Cadillac is on the cusp of debuting the most potent track ready models it has ever offered the 2022 Cadillac CT4-V and CT5-V Blackwings. While the duo represent just how far the brand has come in the world of luxury performance sedans, it also makes one look back at the V-Series range and in particular some of the early ancestors that helped play a role in the creation of this special performance focused sub-brand and what they brought to the table. One of these concepts was the Steinmetz Catera concept which previewed what would happen if a healthy dose of performance was injected into the brand’s entry model sedan.
A Glimmer In An Era Of Stagnation
Before we get into what made the Steinmetz such a unique car, one has to understand the state of GM during the mid 1990s. Back in those days profits took precedent over quality and that helped play a role in GM being behind the curve in some areas. In the case of Cadillac that meant not having a entry to do battle with the BMW 3-Series, Audi A4, and the Mercedes C-Class. The last attempt in this arena was the Cadillac Cimmaron which was nothing more than a Chevrolet Cavalier with chrome and tacked on Cadillac badges.
GM execs at the time looked globally for their next attempt and thought they struck gold with the Opel Omega. Renaming it the Catera, Cadillac began selling the model in the U.S. in 1996 with the brand hoping that it would revive the brand’s languishing image and bring in customers that were not making their weekend shopping run from the local nursing home Off the bat, the Catera had a very lousy start with the company choosing to dedicate the bulk of its marketing to creating an animated duck named Ziggy (based off of one of the six merlettes that were in the Cadillac crest at the time.) The merlettes themselves were actually based on swallows and symbols of heraldry but that didn’t stop Cadillac from moving forward with its web footed mascot.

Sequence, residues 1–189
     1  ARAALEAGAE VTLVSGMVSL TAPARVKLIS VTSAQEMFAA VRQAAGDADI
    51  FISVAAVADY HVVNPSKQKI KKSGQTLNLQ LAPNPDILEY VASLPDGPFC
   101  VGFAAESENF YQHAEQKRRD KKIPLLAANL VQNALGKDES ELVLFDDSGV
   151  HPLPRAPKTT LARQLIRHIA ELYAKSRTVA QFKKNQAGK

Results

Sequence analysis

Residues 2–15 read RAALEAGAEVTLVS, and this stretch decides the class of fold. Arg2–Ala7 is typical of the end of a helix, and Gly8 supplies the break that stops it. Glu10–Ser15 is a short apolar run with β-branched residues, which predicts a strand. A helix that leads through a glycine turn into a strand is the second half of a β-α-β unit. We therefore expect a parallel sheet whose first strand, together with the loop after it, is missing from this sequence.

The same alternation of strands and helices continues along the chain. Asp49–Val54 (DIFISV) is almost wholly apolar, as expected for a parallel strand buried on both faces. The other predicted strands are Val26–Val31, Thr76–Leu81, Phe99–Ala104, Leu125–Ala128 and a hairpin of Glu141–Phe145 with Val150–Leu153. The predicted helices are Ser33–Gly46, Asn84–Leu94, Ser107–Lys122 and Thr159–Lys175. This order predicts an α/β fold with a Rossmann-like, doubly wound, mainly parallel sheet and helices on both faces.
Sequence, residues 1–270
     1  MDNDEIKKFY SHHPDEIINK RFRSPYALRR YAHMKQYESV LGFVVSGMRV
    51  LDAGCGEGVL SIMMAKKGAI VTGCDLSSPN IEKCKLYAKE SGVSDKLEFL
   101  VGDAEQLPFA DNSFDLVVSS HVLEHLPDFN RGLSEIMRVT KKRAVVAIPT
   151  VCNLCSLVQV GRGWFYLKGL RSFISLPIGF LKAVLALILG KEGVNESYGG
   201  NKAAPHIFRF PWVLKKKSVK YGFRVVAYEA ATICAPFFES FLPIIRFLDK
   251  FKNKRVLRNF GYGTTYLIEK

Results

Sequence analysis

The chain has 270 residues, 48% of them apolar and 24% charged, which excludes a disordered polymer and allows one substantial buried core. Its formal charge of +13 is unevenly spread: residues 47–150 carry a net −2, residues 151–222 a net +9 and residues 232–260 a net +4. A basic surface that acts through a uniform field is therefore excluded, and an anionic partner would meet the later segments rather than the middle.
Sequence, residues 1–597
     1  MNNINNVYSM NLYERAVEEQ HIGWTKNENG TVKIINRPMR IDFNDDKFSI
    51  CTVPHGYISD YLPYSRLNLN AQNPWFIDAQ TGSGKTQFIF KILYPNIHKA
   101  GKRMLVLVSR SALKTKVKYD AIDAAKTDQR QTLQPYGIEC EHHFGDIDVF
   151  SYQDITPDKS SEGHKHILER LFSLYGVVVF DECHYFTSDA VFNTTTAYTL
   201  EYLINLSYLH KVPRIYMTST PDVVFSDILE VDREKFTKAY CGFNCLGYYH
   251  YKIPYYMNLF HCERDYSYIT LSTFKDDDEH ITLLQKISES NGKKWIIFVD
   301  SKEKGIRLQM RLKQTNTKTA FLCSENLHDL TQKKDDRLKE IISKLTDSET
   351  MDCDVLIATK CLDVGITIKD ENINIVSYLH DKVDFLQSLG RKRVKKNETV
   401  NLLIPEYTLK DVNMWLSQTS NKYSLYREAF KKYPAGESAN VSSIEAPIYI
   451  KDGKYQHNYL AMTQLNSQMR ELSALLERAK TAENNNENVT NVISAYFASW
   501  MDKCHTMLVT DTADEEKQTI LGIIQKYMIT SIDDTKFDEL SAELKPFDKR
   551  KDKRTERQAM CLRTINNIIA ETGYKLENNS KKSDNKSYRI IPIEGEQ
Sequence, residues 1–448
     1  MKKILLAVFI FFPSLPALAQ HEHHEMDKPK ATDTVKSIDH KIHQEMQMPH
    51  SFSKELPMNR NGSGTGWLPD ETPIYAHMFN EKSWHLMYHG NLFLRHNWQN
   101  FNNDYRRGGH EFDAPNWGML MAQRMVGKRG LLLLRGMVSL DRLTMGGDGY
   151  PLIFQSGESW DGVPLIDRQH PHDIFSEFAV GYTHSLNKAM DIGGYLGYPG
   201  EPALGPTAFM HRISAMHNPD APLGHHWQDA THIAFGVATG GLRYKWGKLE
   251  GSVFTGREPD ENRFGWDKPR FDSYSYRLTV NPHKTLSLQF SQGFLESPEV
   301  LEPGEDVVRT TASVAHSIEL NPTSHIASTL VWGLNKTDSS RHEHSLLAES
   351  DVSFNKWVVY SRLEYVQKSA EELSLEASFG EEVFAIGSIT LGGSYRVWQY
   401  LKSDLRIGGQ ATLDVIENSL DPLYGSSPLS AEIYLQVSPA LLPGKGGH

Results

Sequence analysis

Ziggy tried his best to zig younger buyers into showrooms, but the bulk of them instead zagged their way to the German big three, with Cadillac’s old clientele swooping in to pick up the scraps instead. It didn’t help either that the Catera was about as sporty as your father’s favorite pair of loafers with heavy curb weight conspiring with an underpowered engine to create a truly boring car. The Catera it seemed was doomed to failure right out the gate.